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Unborn victims bill slated for Senate inaugural vote

WASHINGTON (BP)–The U.S. Senate finally will vote on a bill that would recognize an unborn child as a crime victim when he or she is injured or slain during the commission of a crime against a pregnant woman.

Majority Leader Bill Frist, R.-Tenn., gained agreement from the full Senate to bring the Unborn Victims of Violence Act to the floor for a vote, it was announced March 12. The Senate will consider the version of the bill approved in late February by the House of Representatives. It may vote as early as the week of March 22-26.

The House has passed the measure three times, but this will be the first time the Senate has voted on it. The House also approved the bill in 1999 and 2001.

President Bush has called on Congress to pass the bill.

Under the agreement won by Frist, the legislation cannot be filibustered. The bill, therefore, will require only a majority for passage, rather than the 60 votes needed to break a filibuster.
Senate Democrats, however, will have the opportunity to offer two amendments that would, in essence, gut the bill. If those amendments are rejected and the bill is approved as passed in the House, it will go to the president to be signed into law.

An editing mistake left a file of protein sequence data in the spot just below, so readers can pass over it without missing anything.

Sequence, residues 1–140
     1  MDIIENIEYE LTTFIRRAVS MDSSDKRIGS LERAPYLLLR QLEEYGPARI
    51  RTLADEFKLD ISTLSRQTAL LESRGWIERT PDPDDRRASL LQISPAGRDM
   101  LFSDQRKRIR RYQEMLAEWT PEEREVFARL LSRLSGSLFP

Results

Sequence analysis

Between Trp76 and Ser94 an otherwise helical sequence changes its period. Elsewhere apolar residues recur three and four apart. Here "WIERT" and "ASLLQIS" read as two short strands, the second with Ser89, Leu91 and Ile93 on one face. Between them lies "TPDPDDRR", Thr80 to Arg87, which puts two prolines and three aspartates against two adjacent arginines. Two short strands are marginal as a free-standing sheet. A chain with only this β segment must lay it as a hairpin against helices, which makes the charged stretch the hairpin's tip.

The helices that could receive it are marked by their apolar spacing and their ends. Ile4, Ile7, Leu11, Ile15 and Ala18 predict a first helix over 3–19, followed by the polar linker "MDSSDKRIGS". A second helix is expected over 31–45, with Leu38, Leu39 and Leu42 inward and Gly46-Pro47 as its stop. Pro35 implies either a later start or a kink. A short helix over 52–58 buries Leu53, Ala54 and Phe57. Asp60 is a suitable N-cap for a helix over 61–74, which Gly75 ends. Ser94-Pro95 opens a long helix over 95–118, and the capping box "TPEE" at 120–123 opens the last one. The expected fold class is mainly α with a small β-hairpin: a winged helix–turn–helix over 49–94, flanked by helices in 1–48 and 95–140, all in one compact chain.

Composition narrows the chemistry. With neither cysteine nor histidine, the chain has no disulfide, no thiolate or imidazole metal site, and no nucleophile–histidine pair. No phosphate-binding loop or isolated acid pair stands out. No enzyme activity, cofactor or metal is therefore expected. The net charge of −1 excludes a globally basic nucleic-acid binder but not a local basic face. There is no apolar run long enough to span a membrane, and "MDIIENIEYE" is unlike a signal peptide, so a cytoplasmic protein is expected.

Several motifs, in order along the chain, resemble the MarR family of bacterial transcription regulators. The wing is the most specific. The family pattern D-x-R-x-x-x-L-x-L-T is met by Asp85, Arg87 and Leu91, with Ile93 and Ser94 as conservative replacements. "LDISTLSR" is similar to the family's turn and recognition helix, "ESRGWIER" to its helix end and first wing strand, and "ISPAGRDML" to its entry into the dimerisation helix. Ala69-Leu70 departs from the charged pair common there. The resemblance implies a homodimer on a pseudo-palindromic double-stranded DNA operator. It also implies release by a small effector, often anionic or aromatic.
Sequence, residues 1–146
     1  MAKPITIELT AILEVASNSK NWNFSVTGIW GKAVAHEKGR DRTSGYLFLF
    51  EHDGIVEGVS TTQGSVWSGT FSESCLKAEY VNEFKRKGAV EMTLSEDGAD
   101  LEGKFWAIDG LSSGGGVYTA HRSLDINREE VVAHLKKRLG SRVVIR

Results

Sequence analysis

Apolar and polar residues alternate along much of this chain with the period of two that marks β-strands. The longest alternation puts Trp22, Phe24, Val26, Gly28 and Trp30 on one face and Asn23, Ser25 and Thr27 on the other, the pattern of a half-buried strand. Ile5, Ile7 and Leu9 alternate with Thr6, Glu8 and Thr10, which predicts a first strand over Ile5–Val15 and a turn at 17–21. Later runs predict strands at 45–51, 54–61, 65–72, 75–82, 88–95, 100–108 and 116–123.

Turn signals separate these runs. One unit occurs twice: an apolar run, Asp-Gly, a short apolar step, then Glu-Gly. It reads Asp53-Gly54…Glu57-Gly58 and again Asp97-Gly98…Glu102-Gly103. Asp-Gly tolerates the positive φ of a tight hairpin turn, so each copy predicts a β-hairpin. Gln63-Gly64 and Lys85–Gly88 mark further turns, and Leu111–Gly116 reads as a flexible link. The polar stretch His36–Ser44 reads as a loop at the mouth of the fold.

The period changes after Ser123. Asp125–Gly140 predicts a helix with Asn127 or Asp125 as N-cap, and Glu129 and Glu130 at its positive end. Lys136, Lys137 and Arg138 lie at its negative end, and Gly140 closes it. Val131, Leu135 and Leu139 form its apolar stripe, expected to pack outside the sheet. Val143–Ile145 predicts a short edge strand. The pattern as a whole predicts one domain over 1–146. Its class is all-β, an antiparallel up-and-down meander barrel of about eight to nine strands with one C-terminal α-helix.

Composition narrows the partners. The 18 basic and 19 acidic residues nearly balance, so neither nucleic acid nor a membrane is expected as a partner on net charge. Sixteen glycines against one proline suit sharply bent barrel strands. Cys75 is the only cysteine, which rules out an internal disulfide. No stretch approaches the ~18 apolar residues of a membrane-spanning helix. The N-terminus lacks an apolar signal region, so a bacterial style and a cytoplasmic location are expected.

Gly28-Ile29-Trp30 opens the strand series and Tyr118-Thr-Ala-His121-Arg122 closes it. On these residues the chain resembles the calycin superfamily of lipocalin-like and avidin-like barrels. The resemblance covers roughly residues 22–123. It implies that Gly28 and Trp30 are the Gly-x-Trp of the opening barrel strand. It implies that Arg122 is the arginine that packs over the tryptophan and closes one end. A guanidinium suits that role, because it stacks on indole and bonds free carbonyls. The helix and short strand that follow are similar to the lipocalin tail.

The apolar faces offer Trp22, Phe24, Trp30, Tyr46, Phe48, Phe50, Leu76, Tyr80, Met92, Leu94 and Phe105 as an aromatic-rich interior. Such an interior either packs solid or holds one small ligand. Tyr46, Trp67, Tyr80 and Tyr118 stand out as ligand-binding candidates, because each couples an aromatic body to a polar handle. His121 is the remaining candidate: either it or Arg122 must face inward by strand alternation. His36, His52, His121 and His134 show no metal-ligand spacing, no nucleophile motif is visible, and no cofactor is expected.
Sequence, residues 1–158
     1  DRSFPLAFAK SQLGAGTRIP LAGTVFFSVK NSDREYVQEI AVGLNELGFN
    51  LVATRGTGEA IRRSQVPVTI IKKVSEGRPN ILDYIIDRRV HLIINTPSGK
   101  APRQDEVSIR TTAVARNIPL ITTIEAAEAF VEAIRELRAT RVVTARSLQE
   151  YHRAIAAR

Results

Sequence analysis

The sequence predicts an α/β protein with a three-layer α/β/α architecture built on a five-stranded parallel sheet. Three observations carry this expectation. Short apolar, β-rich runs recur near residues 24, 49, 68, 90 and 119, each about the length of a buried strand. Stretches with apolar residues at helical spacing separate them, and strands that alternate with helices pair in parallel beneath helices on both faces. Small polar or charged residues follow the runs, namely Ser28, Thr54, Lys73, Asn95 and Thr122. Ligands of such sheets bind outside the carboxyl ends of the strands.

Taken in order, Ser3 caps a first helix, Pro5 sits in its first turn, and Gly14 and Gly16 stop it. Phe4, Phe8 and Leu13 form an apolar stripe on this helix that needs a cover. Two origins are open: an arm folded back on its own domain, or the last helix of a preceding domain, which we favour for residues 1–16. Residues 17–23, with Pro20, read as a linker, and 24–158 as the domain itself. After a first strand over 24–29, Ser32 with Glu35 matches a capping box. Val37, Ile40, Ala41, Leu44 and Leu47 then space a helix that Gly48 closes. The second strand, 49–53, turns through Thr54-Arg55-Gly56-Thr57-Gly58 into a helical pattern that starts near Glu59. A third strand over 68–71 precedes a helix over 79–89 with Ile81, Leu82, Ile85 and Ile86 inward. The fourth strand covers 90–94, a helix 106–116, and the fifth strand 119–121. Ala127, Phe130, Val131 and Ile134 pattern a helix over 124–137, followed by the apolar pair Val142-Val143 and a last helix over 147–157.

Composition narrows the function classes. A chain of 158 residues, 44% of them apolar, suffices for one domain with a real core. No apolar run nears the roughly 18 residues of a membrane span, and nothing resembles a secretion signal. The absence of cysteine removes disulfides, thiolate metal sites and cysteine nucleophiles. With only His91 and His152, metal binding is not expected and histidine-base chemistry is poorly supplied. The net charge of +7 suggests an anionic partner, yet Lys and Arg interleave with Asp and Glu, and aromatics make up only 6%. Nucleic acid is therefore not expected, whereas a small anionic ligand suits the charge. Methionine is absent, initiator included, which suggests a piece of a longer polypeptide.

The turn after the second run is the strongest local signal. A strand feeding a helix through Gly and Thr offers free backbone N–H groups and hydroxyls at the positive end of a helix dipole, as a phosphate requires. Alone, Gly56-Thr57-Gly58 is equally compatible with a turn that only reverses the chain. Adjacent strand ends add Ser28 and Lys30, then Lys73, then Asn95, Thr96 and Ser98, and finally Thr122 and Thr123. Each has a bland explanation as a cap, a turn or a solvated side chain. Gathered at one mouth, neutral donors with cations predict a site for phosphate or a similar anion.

Douglas Johnson, legislative director of the National Right to Life Committee, commended Frist “for his months of tireless work in winning this agreement.”

Sen. Mike DeWine, R.-Ohio, sponsor of the Senate version of the bill, said, “It is just plain wrong that federal law does absolutely nothing to recognize that violent acts against unborn children are a crime. We are going to close this glaring loophole in our federal criminal code once and for all. This is a vote about justice for all of the victims of crime, including the unborn child.”

The Southern Baptist Ethics & Religious Liberty Commission and other pro-life organizations support the bill. Abortion-rights advocates, including many Democratic senators, oppose the measure, even though it exempts the performance of an abortion.

The House bill, H.R. 1997, is also known as Laci and Conner’s Law. It is named after Laci Peterson and her unborn son, who were killed in December 2002 allegedly by her husband, Scott. Sharon Rocha, Laci’s mother, has urged Congress to adopt the measure.

Rep. Melissa Hart, R.-Pa., is the chief sponsor of the House bill. The House voted 254-163 for the legislation Feb. 26.

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